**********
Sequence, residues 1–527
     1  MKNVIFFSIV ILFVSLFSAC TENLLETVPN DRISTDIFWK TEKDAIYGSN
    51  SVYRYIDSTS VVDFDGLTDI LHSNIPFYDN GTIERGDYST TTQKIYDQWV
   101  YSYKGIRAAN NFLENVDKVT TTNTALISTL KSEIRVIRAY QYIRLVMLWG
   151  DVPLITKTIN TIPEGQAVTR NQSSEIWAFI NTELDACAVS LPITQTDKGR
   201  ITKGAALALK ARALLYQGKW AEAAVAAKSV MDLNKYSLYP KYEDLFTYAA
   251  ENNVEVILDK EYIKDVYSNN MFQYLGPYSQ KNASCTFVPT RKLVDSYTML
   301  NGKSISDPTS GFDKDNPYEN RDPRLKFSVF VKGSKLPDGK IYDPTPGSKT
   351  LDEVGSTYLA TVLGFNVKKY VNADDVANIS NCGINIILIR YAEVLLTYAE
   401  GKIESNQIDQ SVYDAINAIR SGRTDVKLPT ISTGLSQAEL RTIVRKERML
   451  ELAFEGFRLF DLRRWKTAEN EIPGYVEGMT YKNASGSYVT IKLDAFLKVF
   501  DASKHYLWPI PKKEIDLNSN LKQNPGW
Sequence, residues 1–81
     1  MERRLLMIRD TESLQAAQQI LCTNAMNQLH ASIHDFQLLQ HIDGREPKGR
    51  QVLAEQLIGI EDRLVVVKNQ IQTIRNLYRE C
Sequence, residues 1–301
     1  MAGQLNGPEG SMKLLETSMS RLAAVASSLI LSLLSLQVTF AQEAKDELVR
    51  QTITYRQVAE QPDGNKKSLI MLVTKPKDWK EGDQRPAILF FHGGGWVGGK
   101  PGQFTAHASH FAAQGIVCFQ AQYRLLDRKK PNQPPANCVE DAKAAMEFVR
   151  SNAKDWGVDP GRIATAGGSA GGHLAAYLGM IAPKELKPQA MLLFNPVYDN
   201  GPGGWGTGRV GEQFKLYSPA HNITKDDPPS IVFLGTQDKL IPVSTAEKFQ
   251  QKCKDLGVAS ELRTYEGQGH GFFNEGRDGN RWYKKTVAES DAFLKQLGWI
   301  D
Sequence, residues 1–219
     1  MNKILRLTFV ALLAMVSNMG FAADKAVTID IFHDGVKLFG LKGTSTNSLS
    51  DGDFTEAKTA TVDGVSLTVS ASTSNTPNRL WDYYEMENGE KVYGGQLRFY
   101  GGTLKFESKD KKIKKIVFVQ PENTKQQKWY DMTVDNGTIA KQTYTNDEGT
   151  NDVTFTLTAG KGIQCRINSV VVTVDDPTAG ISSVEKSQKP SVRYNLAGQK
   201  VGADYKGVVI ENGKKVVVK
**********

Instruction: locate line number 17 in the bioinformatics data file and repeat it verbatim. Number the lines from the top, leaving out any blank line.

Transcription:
     1  MAGQLNGPEG SMKLLETSMS RLAAVASSLI LSLLSLQVTF AQEAKDELVR